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Thursday, June 20, 2019
Nasen: The Enigma of a Stigma

Before I continue I want to make it clear, I am not trained in psychology, nor teaching, neither have I had much experience writing about this subject in particular.


I am someone who as a child and adult struggled with my emotions, mental health and understanding of how to deal with something that so many others find equally as puzzling.

Upon reflection, I now know (or at least think I know) what possibly could have been changed or offered to help me and others with this process. What I have concluded is it all really comes down to the general conversation, and not just the talking element, but the listening part as well.


I spoke to Dr Tony Bates, Professor of Psychology at the University College of Dublin, who said: “When young people are empowered and enabled to speak for themselves, people are almost always amazed at how wise they are, how reasonable they are and how practical they can be in terms of their mental health needs.”


Research from the Mental Health Foundation found that ten per cent of young people aged between six and 15 have a clinically diagnosable mental issue, but 70 per cent go undiagnosed. I can’t help but wonder if these statistics are partly a result of young people not being taken seriously when seeking help with these new and intense feelings.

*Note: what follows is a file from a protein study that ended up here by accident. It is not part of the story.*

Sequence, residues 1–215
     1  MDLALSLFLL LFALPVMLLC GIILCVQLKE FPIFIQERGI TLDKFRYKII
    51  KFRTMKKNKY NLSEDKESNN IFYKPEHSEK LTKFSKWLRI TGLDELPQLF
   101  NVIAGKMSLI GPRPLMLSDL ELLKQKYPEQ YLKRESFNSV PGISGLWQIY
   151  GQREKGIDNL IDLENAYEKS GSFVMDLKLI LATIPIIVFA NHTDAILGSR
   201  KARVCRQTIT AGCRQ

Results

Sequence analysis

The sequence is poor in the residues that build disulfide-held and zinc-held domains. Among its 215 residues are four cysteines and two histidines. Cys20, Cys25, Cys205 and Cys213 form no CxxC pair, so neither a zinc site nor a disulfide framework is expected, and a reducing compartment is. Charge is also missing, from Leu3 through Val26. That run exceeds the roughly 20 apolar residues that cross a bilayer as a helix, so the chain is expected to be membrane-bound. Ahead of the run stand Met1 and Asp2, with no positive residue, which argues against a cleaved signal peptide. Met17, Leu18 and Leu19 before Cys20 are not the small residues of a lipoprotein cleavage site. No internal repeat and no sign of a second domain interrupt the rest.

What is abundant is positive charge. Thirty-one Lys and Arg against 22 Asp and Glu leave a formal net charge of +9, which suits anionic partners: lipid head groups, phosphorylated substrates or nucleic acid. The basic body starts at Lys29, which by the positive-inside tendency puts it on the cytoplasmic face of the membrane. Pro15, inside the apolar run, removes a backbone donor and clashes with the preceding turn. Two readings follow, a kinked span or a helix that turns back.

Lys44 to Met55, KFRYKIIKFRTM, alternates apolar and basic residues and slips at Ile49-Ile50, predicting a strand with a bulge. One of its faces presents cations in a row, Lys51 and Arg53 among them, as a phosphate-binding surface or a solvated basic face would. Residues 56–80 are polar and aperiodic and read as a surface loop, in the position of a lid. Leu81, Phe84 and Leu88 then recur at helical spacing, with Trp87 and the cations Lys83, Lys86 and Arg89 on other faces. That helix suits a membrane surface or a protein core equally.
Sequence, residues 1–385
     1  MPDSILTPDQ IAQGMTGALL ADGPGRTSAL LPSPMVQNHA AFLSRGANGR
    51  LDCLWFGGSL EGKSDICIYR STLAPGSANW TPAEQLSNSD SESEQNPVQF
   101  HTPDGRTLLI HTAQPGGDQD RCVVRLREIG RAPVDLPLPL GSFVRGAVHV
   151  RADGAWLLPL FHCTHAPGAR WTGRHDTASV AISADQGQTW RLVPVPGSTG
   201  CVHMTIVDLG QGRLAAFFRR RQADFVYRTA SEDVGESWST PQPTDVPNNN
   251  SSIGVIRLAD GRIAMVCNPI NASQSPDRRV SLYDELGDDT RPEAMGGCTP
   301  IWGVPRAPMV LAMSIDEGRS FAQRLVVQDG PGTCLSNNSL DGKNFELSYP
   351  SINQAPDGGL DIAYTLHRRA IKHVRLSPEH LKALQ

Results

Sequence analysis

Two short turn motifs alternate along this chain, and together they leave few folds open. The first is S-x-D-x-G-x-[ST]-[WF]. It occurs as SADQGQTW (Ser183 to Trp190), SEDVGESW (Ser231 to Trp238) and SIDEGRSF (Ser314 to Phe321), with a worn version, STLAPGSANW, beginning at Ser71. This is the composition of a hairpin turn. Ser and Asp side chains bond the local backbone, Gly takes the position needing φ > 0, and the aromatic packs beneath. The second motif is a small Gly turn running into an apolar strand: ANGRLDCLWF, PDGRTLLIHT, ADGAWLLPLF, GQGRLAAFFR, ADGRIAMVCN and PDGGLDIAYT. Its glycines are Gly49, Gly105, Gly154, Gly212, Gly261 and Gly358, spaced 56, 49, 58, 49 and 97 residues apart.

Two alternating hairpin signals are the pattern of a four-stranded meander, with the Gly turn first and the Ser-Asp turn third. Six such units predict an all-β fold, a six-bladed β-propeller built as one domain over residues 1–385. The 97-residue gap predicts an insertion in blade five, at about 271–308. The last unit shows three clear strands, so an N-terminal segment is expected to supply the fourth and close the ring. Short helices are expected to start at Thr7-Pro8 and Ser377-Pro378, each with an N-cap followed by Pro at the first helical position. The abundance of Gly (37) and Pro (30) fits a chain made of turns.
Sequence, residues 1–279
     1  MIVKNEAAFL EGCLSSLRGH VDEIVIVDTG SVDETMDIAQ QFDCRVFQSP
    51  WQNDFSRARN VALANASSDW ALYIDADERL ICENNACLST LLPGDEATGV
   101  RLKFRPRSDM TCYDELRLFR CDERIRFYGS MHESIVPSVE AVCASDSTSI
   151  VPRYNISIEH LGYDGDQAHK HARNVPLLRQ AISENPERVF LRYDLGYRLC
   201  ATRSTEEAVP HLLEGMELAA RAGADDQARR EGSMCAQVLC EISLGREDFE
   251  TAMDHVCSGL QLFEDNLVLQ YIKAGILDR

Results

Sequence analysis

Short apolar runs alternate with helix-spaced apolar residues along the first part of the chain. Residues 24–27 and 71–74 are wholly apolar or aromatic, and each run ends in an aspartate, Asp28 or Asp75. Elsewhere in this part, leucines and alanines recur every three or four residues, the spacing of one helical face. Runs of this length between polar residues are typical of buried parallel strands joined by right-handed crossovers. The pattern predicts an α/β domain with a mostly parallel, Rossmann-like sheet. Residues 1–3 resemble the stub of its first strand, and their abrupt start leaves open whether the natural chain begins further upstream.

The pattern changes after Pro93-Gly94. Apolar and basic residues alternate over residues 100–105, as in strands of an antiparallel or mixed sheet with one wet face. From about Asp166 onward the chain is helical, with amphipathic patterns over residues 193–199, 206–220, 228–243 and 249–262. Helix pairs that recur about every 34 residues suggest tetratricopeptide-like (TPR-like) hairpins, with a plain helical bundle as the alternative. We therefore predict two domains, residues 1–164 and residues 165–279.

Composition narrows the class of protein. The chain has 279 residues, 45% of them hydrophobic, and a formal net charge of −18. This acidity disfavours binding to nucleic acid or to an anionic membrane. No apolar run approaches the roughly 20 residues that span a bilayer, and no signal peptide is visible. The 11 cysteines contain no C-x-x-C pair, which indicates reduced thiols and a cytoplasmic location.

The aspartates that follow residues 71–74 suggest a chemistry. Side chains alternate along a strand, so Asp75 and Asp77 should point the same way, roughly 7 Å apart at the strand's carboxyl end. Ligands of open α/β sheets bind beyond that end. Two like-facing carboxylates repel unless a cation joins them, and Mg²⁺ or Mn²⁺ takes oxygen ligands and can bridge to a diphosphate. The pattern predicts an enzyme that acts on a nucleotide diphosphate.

Dr Bates added: “I think as a society we are all afraid of our own shadow - in the sense that we fear what is unknown, dark and uneasy within inner lives. When it comes to young people this is even more so the case.”


When you are feeling unwell you are encouraged to tell someone, which is the start of the process of receiving help and ideally getting better. If there wasn’t such a stigma tied to mental ill health and we were just as confident talking about how we are feeling mentally, then possibly a diagnosis and the required help could be achieved sooner before the condition worsened or was suppressed.



Speaking about the challenges faced in the journey to destigmatising mental ill health, Dr Bates stated: “One of the biggest obstacles is language. Our way of talking about mental-ill health is predominantly in terms of a medical diagnosis that implies there is something 'wrong' with that person.


“With young people mental-ill health is less about what's 'wrong' with them as it is about what happened to them or what's currently happening to them in their interactions with key people in their lives.”


So the question remains, how do we normalise mental health in day-to-day conversation? Especially when such a stigma has potentially created a culture where those with a mental issue are considered less able than another individual with a ‘healthy mind.’


Seeking a solution I turned to the pinnacle of ‘normal’ in modern day society - social media. The deeper I looked the more I noticed that even though there appears to be a definite ambition to destigmatise this subject and advocates of mental health are a plenty on digital platforms, the positive message was being lost in a fog of fear, a culture of confession and misunderstanding.


There is not so much a conversation going on about mental health rather than a narrative from multiple sources and ongoing coverage of the daily struggle, the hurt and possibly an unnecessary need to explain oneself.